Mill Creek Musings: The Green Glove (1952)

Michael Blake (Glenn Ford) is an American lieutenant in France, soon after the Allied invasion of the country. Though he’s there to fight a war, he finds himself entangled in a plot involving art, spies, bombs, the German army, and a hotel room-dwelling dead body. With the help of tour guide Chris Kenneth (Geraldine Brooks), whom Michael meets at the Eiffel Tower, he tries to get himself out of the mess.

(Image via My Favorite Movies)
(Image via My Favorite Movies)

The Green Glove appears in Mill Creek’s 50 Mysteries set and was directed by Rudolph Maté. The picture quality is pretty rough at times, but the sound is decent. All in all, not the worst-quality film I’ve seen from the public domain, but far from the best.

And where the print quality suffers, the quality of the film’s content does not. This is one of the best Mill Creek discoveries I’ve made in a long time!

The “green glove” of the title is a gauntlet covered in large jewels, which holds a great significance to a small French town. The church bells haven’t been heard since the gauntlet was stolen during the second World War. It’s an important, mystical artifact that used to attract thousands of visitors to the local church, where it was kept.

The story is told in a flashback and begins with a teaser of the outcome: someone ends up dead, and the glove is returned to its hometown. We all know that flashbacks are a popular storytelling tactic here at TMP, so I was immediately hooked by the film. The story remains genuinely mysterious, with plenty of shady and untrustworthy characters introduced, and little plot twists throughout its run time.

Glenn Ford is great in his leading role. He brings a certain confidence to the character — a necessary trait to have when being hunted by several people who also want the glove, in order to avoid cracking under pressure. This confidence also helps when wooing a beautiful tour guide, played by Geraldine Brooks. Such chemistry these two have! They make a sizzlin’ screen pair.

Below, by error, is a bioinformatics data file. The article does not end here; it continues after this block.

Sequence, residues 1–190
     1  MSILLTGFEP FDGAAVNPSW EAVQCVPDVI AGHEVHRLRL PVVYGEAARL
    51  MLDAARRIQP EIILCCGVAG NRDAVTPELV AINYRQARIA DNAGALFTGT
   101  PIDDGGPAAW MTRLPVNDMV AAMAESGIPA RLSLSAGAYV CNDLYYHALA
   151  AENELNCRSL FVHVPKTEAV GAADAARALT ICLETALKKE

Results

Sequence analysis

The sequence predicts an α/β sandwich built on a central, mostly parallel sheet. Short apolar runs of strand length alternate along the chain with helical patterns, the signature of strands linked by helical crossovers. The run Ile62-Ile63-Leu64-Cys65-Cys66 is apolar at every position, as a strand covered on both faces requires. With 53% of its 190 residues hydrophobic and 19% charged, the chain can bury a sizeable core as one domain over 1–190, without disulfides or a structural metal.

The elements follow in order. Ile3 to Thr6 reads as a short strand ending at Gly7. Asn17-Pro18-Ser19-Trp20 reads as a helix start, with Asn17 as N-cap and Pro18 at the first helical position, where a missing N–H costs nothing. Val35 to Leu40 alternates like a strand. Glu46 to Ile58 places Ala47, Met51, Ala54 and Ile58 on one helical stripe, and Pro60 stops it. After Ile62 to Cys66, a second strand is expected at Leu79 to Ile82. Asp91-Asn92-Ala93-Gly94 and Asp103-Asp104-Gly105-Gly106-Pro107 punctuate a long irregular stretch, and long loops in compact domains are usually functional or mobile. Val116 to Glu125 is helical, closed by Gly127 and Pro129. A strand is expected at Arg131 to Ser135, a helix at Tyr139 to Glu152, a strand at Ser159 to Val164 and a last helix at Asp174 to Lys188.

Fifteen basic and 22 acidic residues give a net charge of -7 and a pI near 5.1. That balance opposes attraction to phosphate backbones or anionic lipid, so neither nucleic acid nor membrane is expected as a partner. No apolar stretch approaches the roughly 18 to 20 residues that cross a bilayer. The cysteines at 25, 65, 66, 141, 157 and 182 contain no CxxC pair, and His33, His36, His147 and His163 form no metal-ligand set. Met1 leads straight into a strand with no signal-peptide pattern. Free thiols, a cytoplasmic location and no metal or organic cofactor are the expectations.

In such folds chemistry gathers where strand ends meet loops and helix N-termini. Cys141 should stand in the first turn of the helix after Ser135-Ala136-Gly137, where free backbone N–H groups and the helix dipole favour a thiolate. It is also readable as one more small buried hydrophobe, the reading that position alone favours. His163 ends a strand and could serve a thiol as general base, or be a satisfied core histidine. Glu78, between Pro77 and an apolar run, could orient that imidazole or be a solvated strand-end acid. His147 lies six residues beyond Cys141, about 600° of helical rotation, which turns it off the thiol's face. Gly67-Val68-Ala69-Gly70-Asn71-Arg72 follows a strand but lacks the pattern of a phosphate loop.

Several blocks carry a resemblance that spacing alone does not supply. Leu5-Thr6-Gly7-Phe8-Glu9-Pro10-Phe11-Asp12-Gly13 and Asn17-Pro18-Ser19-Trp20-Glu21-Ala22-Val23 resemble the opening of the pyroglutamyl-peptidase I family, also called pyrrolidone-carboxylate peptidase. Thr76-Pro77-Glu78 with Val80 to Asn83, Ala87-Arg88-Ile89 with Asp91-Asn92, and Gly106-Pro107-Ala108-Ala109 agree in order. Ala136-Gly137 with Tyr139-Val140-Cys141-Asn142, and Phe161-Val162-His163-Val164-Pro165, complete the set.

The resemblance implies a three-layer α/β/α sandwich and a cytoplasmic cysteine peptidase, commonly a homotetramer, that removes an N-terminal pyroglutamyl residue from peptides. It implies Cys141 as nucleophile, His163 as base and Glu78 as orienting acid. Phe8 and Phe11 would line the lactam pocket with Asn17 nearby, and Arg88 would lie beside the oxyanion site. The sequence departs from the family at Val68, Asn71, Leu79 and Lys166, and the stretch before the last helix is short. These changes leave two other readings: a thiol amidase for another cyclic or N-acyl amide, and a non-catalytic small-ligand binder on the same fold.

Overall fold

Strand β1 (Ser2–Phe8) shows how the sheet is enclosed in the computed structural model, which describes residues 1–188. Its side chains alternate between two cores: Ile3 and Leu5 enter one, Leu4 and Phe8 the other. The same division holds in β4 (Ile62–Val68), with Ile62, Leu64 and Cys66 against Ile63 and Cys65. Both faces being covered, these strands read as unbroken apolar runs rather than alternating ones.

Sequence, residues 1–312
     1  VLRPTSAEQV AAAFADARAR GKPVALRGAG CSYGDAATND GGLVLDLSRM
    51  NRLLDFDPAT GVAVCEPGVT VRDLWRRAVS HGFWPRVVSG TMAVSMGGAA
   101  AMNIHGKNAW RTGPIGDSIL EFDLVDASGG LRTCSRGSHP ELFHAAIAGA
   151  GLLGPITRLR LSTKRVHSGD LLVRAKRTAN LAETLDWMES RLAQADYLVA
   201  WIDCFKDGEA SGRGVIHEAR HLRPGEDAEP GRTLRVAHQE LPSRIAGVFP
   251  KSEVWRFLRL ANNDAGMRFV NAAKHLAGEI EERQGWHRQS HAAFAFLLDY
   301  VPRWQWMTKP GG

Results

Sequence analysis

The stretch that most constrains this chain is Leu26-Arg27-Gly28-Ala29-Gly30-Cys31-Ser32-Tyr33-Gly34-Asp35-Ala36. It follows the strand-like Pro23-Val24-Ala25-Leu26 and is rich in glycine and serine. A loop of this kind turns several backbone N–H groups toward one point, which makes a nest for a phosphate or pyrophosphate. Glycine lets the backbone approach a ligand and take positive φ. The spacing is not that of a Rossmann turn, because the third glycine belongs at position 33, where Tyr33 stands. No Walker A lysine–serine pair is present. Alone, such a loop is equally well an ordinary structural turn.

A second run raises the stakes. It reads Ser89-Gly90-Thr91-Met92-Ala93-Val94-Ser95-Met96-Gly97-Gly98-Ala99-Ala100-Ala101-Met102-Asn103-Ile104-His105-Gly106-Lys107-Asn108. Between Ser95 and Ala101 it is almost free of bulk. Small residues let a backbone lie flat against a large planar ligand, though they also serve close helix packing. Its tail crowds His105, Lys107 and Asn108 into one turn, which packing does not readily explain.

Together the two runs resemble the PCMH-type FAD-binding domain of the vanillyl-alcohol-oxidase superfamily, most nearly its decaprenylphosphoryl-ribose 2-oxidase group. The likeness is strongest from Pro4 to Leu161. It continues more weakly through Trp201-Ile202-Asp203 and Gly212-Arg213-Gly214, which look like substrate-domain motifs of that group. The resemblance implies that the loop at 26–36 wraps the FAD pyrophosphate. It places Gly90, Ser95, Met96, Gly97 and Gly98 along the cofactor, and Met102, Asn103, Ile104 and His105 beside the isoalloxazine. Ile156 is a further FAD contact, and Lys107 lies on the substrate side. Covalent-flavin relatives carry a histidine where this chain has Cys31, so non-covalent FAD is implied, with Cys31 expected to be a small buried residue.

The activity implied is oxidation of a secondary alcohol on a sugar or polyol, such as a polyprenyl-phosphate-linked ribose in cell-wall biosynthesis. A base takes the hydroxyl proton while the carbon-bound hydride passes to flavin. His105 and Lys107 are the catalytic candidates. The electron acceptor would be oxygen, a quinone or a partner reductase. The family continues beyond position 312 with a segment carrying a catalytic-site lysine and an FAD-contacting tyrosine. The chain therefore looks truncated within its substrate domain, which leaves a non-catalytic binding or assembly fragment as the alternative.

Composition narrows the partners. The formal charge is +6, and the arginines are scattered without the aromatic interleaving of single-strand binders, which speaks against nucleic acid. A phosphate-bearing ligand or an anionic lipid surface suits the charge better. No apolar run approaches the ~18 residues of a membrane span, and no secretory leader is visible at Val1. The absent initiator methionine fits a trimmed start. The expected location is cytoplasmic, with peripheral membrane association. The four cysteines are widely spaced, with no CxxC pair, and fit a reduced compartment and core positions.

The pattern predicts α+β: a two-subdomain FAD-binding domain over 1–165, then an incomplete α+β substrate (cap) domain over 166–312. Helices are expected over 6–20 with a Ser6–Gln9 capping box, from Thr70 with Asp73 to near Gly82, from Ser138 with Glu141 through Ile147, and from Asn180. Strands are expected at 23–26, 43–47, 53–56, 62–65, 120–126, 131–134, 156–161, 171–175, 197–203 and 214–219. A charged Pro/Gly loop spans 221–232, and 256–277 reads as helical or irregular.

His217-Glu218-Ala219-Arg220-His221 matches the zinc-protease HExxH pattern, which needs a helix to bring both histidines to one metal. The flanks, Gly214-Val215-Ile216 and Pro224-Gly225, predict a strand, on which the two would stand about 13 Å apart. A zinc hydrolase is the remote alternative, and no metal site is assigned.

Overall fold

Ford and Brooks share some great romantic scenes (such as sharing a room under the guise of “Mr. & Mrs. Smith,” newlyweds), but their relationship never takes precedence over the plot involving the glove. The story is kept interesting thanks to the sheer variety of characters involved and the mythology behind that mysterious glove.

(Image via filmnoire)
(Image via filmnoire)

There’s some humor woven into to the film, making it even more enjoyable than if it were a straight mystery. There are still many scenes of pure mystery, with the humor thrown in sporadically, mostly in the banter between Ford and Brooks. On a deeper level, the story deals with the lasting scars of war and the crimes committed in the name of war.

Top a likable central couple and a great story off with an exciting, extended chase scene (on foot, through the wilderness!) and you’ve got one heck of a good watch. Things get wrapped up in an outcome that is unexpected, or at least was to me. I greatly enjoyed watching The Green Glove. The score: 4.5/5

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